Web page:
It’s not difficult to find handmade or housemade tortillas in Dallas-Fort Worth. Tortillerias are plentiful, and any business offering them will make sure you know it. Taqueria Laredo along U.S. Highway 67 in south Oak Cliff is one such establishment. The words are painted large across a retaining wall on one side of a parking lot usually full of cars, pickup trucks mostly. The same wall bears a menu in the form of painted signposts. It’s a fanciful touch that has Taco Trail written all over it.
As its name suggests Laredo Restaurant serves Rio Grande Valley-style eats, namely barbacoa and flour tortillas with the radius of the wheel from a child’s bike. Those items, and by the looks of the food on tables, pozole,are the hits of the house, available only on specific days at a taqueria whose days of operations are Friday, Saturdays and Sundays. Laredo is a special place.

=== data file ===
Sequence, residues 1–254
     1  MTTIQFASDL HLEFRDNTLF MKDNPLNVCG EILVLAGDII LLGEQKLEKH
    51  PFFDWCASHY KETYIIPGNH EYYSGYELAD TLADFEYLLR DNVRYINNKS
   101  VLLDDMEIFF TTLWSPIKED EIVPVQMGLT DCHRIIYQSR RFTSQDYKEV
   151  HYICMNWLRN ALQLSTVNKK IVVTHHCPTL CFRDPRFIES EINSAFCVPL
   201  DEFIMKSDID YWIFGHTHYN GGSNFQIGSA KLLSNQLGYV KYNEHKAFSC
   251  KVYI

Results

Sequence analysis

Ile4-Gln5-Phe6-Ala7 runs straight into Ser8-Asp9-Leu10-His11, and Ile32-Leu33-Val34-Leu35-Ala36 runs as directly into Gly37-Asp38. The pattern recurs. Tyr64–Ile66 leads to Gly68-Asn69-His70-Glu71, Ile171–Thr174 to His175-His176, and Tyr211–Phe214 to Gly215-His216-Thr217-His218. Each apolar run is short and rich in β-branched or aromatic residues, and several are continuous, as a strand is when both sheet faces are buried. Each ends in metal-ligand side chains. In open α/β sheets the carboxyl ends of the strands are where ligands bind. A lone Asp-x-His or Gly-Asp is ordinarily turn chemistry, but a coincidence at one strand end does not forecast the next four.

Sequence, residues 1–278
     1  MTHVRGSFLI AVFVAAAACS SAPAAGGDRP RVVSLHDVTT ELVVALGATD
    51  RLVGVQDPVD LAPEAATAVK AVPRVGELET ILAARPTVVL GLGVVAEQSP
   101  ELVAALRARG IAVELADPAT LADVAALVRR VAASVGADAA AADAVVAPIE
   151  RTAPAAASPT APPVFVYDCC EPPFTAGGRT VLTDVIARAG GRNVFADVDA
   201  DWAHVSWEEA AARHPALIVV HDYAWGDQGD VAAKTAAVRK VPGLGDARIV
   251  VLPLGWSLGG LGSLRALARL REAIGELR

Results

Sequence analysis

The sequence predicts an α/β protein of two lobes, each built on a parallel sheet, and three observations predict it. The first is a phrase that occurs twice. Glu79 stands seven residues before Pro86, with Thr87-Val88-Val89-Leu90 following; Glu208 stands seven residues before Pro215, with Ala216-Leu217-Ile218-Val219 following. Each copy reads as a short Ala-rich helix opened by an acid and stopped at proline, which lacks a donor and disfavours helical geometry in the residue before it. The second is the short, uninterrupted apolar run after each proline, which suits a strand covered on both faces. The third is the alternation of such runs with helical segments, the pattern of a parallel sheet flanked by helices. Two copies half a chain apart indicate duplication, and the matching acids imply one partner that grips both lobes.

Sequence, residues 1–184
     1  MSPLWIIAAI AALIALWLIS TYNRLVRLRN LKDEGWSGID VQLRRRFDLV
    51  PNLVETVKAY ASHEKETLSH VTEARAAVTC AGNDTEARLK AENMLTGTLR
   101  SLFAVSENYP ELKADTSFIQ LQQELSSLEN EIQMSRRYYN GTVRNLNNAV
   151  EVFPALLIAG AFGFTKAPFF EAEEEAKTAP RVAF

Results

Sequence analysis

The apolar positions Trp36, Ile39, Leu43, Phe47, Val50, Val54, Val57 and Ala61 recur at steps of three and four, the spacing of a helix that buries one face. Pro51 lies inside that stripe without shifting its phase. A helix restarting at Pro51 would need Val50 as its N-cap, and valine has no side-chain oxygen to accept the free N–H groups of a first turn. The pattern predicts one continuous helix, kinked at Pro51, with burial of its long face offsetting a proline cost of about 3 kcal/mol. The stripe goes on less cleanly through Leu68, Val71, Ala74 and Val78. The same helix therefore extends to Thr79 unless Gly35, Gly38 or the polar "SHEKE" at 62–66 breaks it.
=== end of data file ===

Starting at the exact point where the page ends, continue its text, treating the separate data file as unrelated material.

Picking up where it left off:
But not for the tacos in handmade corn tortillas. They’re acceptable in general, though the al pastor is not cut from a trompo as advertised. It’s a dryish cut with coy flavor.Barbacoa, on the other hand, is a shining filling worthy of ordering by the pound or in a taco employing flour tortillas. One should suffice.The chicken taco is fine with enough salt and not zapped of moisture (I can’t say the same for the chicken flautas). As expected from a Valley-style restaurant, the fajita does not disappoint.
Unfortunately, as is common in the Rio Grande Valley, the tacos aren’t automatically hit with avocado, cilantro and queso fresco.When I asked about the presentation, the owner’s daughter-in-law, who runs the register and the waitress of the small restaurant,said they’re available by request only. The prospect of those little delights and barbacoa in near-translucent, heavenly flour tortilla are reason enough to return to Taqueria Laredo.Taquria Laredo 3634 Marvin D. Love Fwy
Dallas, TX 75224 214-371-1334